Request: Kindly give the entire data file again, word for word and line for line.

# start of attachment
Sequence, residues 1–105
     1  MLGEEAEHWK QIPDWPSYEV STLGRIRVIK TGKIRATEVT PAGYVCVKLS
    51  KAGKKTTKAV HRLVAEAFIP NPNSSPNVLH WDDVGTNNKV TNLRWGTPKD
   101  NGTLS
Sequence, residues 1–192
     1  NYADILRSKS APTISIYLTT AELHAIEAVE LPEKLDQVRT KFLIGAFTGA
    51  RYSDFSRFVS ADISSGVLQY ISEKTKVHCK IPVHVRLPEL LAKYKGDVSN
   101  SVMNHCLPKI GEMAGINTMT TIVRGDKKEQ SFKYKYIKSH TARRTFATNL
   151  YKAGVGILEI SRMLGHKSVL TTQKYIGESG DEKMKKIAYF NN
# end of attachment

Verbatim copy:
Sequence, residues 1–105
     1  MLGEEAEHWK QIPDWPSYEV STLGRIRVIK TGKIRATEVT PAGYVCVKLS
    51  KAGKKTTKAV HRLVAEAFIP NPNSSPNVLH WDDVGTNNKV TNLRWGTPKD
   101  NGTLS
Sequence, residues 1–192
     1  NYADILRSKS APTISIYLTT AELHAIEAVE LPEKLDQVRT KFLIGAFTGA
    51  RYSDFSRFVS ADISSGVLQY ISEKTKVHCK IPVHVRLPEL LAKYKGDVSN
   101  SVMNHCLPKI GEMAGINTMT TIVRGDKKEQ SFKYKYIKSH TARRTFATNL
   151  YKAGVGILEI SRMLGHKSVL TTQKYIGESG DEKMKKIAYF NN